By Sarah Lyons
“Money doesn’t grow on trees.”
“Another day, another dollar.”
“You get what you pay for.”
“Money makes the world go ‘round.”
These common sayings represent good lessons about money but can be confusing for kids. It’s important to teach our kids the value of money, how to save, spend wisely, and practice financial responsibility. Simply saying “We have to pinch our pennies.” or “That costs an arm and a leg.” is not going to help them truly understand these complicated concepts. Here are some simple but important lessons to teach kids of any age about money.
Money has to be earned
Earning money is hard work but this concept can be difficult to understand for children. You can start teaching your child about how money is earned by paying them for assigned chores. Some families may find that giving an allowance helps children understand the concept of earning a “paycheck” or allowance while other families may assign a dollar amount for specific chores. Either way, you are showing your child that money is earned. “My kids have been getting an allowance since they were 4 years old.” said Sarah Brandt, Lee’s Summit mom of three. “I rarely buy extras, like toys and treats. All of that comes from their allowance. They budget and save better than I do.”
“Starting in first grade, we give ½ their age per week for allowance and allocate 10% for giving, 10% to save, and 80% to use as they wish.” said Joy Alsup, Olathe mom of four. “This frees me to say no to little things like candy or going places with friends because they can use their own money. They have a choice and can ‘suffer’ going without if they have spent it all.” Alsup shared that after they start their first job they save 50% of each paycheck to give them a good start for spending money in college.
Candice Zimmers, Olathe mom of three does something similar. “Any money that our children earn or receive is divided into 4 categories. Tithe 10%, family tax 10%, any amount they choose for savings, and the rest is money to spend or donate. We feel this gives them a sense of how to allocate their funds and has them realize that not all that they earn will be theirs when they receive a paycheck.” Every family will have different categories for savings, spending, and other categories, the main goal is to help your child understand how to budget and save while giving them choices on how they spend their money. If they make a poor choice to spend all they have earned, they are forced to face the consequences. This lesson is best learned when the stakes are lower, at a young age, than as an adult when the consequences can be life-altering.
Developing realistic view of how much things cost
It is hard for kids to understand the value of money when they do not have a realistic understanding of how much things cost. While running errands with your child, show them how much it costs to fill the car with gas, how much the grocery bill is, and how to compare prices while shopping. Give your child $20 in cash and ask them to purchase the family lunch at the grocery store. This is a simple lesson that helps them understand the cost of living. “I put the kids in charge of the family eating out money,” said Brandt. “You want to eat at McDonald’s tonight? Cool, but that means no pizza this weekend.” These comparisons and trade-offs give your child valuable lessons in the value of the dollar.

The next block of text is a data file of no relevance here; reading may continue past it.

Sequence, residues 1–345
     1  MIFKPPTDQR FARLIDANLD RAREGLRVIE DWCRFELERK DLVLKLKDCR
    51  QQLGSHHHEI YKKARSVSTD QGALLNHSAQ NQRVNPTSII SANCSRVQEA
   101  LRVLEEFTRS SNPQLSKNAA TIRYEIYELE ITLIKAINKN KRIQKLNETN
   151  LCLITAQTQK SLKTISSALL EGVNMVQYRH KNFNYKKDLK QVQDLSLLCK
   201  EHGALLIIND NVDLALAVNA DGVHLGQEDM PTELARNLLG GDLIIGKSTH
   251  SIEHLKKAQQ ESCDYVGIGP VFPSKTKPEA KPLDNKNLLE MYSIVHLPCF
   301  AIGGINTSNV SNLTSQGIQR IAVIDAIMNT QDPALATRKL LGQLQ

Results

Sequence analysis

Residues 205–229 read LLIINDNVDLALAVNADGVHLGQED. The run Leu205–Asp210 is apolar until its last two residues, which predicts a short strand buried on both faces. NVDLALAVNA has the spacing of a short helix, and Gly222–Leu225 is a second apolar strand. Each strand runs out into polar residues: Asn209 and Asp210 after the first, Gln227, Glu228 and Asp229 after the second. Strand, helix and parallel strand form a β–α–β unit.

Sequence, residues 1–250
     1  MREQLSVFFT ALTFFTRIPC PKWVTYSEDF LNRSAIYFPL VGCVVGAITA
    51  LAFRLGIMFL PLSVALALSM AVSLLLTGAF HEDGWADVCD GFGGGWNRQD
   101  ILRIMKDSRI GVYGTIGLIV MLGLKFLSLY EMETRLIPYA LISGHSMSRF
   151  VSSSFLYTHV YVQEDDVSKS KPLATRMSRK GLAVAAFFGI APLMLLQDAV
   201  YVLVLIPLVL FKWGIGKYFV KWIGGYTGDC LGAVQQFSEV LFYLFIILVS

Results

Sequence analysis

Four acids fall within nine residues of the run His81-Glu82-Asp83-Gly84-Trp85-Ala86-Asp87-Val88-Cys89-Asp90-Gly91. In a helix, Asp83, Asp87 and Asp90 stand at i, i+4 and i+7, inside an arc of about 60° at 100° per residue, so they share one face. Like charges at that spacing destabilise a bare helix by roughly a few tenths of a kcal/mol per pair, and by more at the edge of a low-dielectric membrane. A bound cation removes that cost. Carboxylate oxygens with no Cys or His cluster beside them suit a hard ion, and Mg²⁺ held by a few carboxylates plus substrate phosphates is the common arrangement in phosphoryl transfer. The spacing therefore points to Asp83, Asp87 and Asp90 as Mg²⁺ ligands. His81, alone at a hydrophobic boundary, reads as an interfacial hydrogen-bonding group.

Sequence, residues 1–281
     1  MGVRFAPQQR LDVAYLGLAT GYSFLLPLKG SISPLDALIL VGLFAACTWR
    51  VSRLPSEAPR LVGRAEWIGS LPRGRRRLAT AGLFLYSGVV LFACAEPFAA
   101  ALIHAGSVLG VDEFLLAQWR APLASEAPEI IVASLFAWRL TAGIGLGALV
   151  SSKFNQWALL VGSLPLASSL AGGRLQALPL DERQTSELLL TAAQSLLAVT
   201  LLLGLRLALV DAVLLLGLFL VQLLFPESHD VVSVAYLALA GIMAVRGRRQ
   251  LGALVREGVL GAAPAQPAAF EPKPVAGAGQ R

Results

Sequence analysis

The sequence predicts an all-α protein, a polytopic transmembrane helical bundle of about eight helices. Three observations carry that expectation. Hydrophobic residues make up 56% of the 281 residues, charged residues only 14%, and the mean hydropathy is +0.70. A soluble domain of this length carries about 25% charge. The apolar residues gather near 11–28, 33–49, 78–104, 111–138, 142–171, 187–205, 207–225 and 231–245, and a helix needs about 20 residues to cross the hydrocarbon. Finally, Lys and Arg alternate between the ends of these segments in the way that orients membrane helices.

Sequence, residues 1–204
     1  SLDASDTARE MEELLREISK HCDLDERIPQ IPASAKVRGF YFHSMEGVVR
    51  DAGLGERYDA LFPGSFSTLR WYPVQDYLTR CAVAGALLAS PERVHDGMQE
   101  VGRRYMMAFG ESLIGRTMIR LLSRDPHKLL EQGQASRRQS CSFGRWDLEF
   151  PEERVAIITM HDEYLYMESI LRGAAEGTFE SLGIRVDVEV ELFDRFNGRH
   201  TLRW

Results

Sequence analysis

Investing, saving and how banking works is a great lesson to teach kids. For preschool age children, have your kids place money in a glass jar. This gives them a visual of the money they are earning and they can watch it grow. Older kids may benefit from opening a bank account. “I opened a checking and savings account for my 11 year old.” said Michelle Lyons, mom of three from Lavista, NE. “I asked for a check register so she can learn how to balance her account. I also got her a stack of deposit slips to learn how to do that as well. I explained to her the importance of not telling people her pin, how to shut off her card if it is misplaced, and the importance of saving.” Warn your kids about the dangers of credit card debt. The credit limit is often far higher than a young adult can handle and the ease of swiping a card to pay for items they want or need is tempting. Interest rates are high and the debt can quickly stack up. Talk with your teens and young adults about credit cards before they make mistakes that can cause problems long term.
The best way you can teach your child about money is to give them real life experiences, allow them to start making decisions on their own at a young age, and to lead by example. If you are a spender and buy items on impulse, they may develop these bad habits as well. If you are a saver and keep a careful budget, your kids will likely develop these healthy habits. If you and your partner often fight about money, this could cause your child to view money discussions in a negative context. Try to remain positive and help them understand that money is not always an enjoyable topic to talk about but it is important and can help develop security and independence in the future.
Sarah Lyons is a freelance writer and mom of six kids including triplets. She enjoys reading, writing, and spending time outdoors with her family.
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